• Robby Dodson says:

            And yes, the most of the public education options in the City are in the end embarrassing and destructive. But there are magnet schools being to take serious root in the City that promise to provide viable options. Other charter school options also promise to provide additonal choices. And my personal choice, the very good parochial school options in the City of St iLouis, are as good as any in the region. And If one can afford a parochial education, not only are all of the advantages you suggest above offered, but the things lacking in a public school, IMO (I'm attended public school), are also available easier to learn: strong and clear morality, trust in a loving God and social conscious. This option is not for everyone, clearly. But I would put a SLUH grad up against a Parkway West grad any day of the week! =p

          • Robby Dodson says:

            *social conscience

          • Mike says:

            Metro High School, a public high school in the St. Louis School District, consistently performs higher than all other high schools in the metro area. So yes, there is a high school in the city “where there is a student that won a state championship, while doing the school musical and getting college credit calculus.”

            Don't believe me? Look here: http://www.schooldigger.com/go…. Only one Missouri high school beats Metro.

            But I concede your point, until area parents aren't terrified of the words “Roosevelt”, “Sumner”, “Beaumont” or “Vashon” the city will continue to have problems attracting the middle class back within its boundaries. And honestly, I see Roosevelt probably being closed in the next ten years, not improving.

            The last time I checked by the way, those “poorly built” shotguns in the Hill are helping anchor one of the strongest neighborhoods in the metro area.

  6. Rachelle L'Ecuyer says:

    Basically, the only business one cannot walk to in Maplewood is a dry cleaner, so I was curious as to how the scoring worked because I had posted our score before and my memory was it was a little higher. There are not many places left where you can walk to the grocery store, the bank, the post office and a good number of boutiques, services and restaurants.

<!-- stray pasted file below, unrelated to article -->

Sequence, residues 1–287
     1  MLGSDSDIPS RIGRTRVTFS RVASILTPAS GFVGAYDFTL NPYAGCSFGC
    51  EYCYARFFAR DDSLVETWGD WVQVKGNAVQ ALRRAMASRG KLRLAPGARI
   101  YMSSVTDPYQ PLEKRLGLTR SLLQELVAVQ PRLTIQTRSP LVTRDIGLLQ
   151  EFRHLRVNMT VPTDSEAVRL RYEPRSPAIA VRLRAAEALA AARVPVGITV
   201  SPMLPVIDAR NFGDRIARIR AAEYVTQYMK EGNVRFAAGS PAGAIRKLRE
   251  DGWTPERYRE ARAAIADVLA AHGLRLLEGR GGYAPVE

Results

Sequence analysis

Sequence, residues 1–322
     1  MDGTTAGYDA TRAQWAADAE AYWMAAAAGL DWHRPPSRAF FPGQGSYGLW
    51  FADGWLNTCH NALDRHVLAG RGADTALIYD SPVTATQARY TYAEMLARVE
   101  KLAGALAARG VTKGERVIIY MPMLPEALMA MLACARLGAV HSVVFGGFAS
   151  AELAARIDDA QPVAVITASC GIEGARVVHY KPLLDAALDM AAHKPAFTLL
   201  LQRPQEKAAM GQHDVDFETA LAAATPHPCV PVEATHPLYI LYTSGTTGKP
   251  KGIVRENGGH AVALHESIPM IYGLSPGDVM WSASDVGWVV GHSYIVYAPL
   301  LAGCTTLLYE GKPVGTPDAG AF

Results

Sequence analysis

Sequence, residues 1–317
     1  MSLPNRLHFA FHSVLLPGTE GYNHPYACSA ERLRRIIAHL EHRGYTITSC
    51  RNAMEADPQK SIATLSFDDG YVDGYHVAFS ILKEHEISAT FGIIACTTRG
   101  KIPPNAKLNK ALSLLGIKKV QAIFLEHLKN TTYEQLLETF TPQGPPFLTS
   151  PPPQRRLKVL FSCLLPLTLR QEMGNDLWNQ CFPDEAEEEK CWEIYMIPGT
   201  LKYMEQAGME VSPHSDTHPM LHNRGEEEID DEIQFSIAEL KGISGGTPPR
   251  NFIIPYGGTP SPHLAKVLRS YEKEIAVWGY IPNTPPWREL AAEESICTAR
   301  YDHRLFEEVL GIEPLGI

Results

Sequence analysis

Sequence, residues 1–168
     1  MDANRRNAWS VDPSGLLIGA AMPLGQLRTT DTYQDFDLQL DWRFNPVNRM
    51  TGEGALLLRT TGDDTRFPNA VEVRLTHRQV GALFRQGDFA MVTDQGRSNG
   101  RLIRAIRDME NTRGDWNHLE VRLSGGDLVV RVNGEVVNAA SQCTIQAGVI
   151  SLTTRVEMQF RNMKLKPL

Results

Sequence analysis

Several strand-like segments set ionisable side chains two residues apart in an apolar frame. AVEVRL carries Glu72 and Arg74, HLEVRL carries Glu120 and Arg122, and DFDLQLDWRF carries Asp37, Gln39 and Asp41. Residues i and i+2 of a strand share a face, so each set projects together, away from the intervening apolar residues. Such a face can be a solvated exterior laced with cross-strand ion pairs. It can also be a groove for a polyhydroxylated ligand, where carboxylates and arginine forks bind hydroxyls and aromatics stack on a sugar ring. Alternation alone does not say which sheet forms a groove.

When I put in 7401 Manchester, Maplewood, MO 63143, (Monarch) Maplewood's Walkable Score was 78. Then I entered 2640 South Big Bend Blvd., Maplewood, MO 63143 (Saint Louis Cellars) and the Walkable Score was 80. Just to make the sampling a little more varied, I put in 7301 Manchester, Maplewood, MO 63143 (Citizens National Bank) and the score was 78.

    Some of the restaurants listed in the amenities are no longer there and new ones that have opened are not listed, as well as some shops that have been there for years. I think this is a very thought provoking exercise but I am wondering if the site is not fully updated, how accurate it is?

    • Robby Dodson says:

      I wonder if connectivity to areas outside of Maplewood factor in. I live in Downtown West which gets a 91 I believe, but I can walk within a couple of blocks to the Metrolink which quickly connects me with walkable destinations of the Belleville, CWE, Clayton, and the airport, too…Maybe thats the difference?

      • Rachelle L'Ecuyer says:

        Robby, that is an excellent point and actually the highest rated address is closer to Metrolink.